Questions abound about where these returnees will live – and whether they will be safe in an Idlib overcrowded with refugees internally displaced from other parts of Syria, and under continual attack and the threat of further hostilities from the regime.
‘Syrians are willing to go back to areas controlled by the Syrian Interim Government and to Idlib – both of which are protected by the Turkish military,’ Ömer Özkizilcik, a foreign policy and security analyst, told TNA.
‘However, as millions of Syrians from inside of Syria took refuge in these Turkish-protected areas, around 5 million Syrians are now crowded in a small territory without the necessary infrastructure. The initial high rate of returnees dropped as there was not enough housing and infrastructure,’ he said.
‘One out of three people in this region lives in IDP camps or makeshift homes. Safety is relatively assured by Turkey, but it can be improved by deploying [new] air defence systems. To ensure a dignified return for Syrians, the Syrians need to be sure that they will not be persecuted after returning to Syria,’ Özkizilcik added.
This is a difficult promise to make and keep. Control over regions of Syria has stabilised, in what many analysts believe is either a frozen conflict or a de facto partition. But these borders are not formally established and may change.
Returnees to Syrian government territory have disappeared entirely, and others have faced attacks, torture or intimidation. Few Syrians, especially those aligned with the opposition, wish to return to territory which may yet fall to the Syrian regime, either by force or through a future diplomatic deal.
‘In this regard, the Syrian Interim Government and the Syrian National Army [Turkish-backed entities] provide necessary guarantees,’ said Özkizilcik. In Idlib, Hayat Tahrir al-Sham – even though a natural threat – is limited by the moderate armed Syrian opposition and the Turkish Armed Forces as well as its agenda to portray itself as an acceptable actor.
Other analysts are not so optimistic. They note persistent problems with the possibility of political persecution, and the cost of living which are high everywhere, but especially in Syria – which has persistent food and fuel shortages and a lack of housing and infrastructure.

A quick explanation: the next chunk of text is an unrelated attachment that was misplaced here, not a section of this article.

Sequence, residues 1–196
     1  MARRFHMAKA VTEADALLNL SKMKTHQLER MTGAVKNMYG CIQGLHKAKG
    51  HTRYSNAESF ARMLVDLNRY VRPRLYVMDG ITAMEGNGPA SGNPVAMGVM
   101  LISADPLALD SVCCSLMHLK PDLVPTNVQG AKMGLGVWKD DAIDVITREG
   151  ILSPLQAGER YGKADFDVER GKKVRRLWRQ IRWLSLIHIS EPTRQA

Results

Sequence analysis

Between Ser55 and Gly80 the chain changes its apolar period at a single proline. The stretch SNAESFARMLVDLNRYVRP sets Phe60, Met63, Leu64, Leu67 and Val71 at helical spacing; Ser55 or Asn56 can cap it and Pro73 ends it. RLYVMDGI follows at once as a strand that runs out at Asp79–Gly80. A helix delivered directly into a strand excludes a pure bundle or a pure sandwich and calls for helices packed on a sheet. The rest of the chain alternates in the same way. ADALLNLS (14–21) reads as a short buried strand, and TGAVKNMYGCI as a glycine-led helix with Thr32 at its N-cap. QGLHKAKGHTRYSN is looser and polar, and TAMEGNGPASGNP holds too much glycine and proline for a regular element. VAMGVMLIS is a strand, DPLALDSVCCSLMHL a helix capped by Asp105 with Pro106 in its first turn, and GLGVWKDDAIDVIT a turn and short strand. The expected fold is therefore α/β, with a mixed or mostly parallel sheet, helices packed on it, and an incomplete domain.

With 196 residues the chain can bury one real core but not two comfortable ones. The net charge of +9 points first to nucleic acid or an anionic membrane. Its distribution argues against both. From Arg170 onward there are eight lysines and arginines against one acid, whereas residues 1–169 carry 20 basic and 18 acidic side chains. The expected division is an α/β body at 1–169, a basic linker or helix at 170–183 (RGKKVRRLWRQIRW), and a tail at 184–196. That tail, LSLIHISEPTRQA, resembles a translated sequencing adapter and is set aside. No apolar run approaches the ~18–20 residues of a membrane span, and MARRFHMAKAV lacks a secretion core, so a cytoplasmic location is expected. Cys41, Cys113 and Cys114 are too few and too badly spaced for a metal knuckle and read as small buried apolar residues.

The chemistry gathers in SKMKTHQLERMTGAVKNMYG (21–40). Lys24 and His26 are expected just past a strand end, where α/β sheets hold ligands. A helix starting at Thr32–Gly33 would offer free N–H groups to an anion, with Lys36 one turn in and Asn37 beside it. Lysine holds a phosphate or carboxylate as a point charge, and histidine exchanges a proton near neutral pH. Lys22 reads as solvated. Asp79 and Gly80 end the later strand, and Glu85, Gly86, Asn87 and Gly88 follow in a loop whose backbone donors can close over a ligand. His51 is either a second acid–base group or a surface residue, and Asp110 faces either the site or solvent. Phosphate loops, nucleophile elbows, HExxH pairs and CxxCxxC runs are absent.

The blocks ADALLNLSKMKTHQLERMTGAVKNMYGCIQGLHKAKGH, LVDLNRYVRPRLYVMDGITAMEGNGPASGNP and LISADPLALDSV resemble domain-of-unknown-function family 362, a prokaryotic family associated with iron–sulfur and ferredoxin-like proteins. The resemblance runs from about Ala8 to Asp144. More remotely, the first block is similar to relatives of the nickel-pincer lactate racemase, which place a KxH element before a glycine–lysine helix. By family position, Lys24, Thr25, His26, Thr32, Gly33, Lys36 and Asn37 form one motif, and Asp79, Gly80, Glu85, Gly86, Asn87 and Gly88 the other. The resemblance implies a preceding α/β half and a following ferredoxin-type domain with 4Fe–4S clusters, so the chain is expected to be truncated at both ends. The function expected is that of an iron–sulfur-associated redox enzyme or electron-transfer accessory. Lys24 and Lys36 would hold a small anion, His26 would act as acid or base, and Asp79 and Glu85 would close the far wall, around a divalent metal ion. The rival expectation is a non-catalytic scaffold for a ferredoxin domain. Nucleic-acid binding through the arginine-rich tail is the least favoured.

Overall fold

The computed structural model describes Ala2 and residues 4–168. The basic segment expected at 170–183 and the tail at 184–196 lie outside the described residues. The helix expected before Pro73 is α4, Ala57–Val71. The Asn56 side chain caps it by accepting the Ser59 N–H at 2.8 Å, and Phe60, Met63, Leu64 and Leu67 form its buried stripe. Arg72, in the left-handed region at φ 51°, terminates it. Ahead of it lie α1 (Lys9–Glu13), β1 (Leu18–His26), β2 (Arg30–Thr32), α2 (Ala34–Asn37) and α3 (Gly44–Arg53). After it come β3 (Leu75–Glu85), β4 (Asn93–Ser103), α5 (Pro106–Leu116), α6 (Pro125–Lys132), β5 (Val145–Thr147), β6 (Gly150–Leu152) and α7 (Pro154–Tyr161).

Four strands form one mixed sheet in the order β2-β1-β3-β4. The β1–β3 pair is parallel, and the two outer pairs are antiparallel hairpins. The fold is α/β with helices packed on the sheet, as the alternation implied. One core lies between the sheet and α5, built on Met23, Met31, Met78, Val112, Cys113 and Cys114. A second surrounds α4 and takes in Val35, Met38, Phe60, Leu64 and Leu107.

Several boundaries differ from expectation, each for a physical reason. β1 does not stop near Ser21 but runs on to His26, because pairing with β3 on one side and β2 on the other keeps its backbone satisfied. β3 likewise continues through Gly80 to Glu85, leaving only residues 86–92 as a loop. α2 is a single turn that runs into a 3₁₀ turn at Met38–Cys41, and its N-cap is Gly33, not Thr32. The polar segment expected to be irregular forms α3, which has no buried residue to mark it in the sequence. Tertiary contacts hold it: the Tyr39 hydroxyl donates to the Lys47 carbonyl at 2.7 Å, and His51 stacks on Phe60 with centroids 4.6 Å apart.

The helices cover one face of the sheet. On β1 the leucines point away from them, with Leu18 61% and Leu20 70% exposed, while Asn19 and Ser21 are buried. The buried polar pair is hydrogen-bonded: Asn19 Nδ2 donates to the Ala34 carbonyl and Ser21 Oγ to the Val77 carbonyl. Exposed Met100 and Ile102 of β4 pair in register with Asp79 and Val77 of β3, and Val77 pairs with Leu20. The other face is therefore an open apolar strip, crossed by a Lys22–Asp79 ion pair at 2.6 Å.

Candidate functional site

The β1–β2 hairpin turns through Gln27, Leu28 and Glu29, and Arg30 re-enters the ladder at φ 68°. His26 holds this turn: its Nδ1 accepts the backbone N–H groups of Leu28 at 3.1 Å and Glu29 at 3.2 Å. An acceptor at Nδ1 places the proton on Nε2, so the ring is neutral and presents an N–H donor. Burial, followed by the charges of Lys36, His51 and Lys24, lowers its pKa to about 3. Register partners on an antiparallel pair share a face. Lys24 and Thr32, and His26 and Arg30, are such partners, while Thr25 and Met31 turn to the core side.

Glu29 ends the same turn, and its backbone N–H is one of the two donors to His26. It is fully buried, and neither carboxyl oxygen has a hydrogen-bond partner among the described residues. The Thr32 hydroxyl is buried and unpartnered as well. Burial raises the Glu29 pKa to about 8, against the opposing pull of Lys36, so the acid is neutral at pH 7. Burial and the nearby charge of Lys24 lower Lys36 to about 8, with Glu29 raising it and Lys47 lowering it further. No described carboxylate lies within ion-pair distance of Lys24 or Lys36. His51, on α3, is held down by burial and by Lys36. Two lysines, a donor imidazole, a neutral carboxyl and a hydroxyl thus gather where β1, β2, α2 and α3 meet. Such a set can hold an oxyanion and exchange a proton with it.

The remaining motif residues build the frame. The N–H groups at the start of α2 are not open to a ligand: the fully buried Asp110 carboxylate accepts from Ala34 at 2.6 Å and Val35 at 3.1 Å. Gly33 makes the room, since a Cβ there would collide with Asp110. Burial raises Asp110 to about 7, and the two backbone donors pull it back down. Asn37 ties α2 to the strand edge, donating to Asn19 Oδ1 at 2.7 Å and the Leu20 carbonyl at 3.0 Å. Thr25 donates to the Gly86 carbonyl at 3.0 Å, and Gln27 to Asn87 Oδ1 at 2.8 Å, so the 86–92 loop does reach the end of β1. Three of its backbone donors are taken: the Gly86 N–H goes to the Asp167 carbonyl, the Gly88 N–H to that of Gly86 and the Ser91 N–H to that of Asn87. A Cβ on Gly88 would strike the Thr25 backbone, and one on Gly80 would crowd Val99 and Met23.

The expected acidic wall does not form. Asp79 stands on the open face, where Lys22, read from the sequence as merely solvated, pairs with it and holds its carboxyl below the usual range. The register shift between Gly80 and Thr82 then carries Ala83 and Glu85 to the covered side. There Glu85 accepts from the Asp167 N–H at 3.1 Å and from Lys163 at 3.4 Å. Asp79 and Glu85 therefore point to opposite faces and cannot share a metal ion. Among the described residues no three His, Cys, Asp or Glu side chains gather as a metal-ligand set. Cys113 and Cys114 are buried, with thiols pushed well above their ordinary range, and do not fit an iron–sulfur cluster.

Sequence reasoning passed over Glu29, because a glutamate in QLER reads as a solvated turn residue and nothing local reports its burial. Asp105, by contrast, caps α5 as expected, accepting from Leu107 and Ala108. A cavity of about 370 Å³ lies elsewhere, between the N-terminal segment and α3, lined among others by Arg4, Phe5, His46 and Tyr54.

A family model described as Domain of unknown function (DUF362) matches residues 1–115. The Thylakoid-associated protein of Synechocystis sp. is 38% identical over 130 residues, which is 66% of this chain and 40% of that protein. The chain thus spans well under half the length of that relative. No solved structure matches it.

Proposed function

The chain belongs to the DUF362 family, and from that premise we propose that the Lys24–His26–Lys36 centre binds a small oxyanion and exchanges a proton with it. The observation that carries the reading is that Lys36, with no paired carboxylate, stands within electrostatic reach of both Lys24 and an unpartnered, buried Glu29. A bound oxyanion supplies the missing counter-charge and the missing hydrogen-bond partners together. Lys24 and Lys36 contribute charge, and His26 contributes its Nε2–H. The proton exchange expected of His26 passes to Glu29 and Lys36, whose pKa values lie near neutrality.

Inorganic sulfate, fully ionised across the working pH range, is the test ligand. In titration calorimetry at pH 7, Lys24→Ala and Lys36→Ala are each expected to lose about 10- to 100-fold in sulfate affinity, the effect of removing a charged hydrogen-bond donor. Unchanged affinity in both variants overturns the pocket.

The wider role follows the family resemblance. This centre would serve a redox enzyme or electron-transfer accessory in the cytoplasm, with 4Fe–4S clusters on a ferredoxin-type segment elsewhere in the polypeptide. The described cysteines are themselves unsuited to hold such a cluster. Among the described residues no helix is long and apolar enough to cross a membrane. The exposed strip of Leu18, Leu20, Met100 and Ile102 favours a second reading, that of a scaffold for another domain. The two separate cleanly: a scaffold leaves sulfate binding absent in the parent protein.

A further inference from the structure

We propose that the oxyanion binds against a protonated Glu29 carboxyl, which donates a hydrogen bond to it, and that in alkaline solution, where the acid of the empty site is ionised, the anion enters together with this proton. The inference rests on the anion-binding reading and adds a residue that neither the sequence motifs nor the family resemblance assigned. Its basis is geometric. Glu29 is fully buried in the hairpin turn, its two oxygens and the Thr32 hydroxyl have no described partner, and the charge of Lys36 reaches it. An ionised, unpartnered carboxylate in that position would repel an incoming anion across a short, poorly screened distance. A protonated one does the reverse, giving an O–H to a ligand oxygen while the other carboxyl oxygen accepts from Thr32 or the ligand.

‘The project includes residential units in 13 towns and cities in northern Syria. It is still not clear if the housing of returned refugees will be for free or for rent. The fact is, the majority of Syrians don’t want to go back because of the lack of employment. In addition, the wave of high prices worldwide has hit Syria as well,’ Mazen Hassoun, a Syrian journalist, told TNA.
‘Even the areas controlled by Turkish-backed forces are not safe. A few days ago, a car bomb exploded in Jarablus killing one man. Another similar attack occurred in Al-Bab and Azaz,’ Hassoun said.
The security of northern Syria and its capacity to house, employ, and feed new arrivals remain in question.
‘With regards to the one million number, unless extensive coercion is used, essentially mass deportations, the only alternative for the Turkish government would be to significantly invest in not just creating housing projects … but also create[ing] an economy that would be able to absorb all these individuals,’ Tsurkov said.
The economy is ‘highly dependent on humanitarian assistance, on money transfers from abroad’, she added. Due to the constant threat of new conflict in the region, returnees to Idlib will be ‘exposed to threats to their lives as well as economic adversity’.
A precarious economic house of cards such as this could tumble even in ordinary times, but when an already swollen population of five million absorbs a fifth more of its number, things could become difficult very quickly.
Turkey has previously planned to return refugees in large numbers to Syria in ways which have not panned out. Before Turkey’s intervention in Syria in 2018, the operation and its successors were presaged on the promise that they would create a Syria safe enough for refugees to return to. This did not prove possible in reality.
Many returnees have gone back not out of desire, but because their alternatives are limited. Volunteers to return to a Syria still at war are unlikely to top one million.
‘It is possible to send people back to Syria in large numbers,’ Hassoun said. ‘But the question is, is it legitimate?’
This essay was originally published at The New Arab.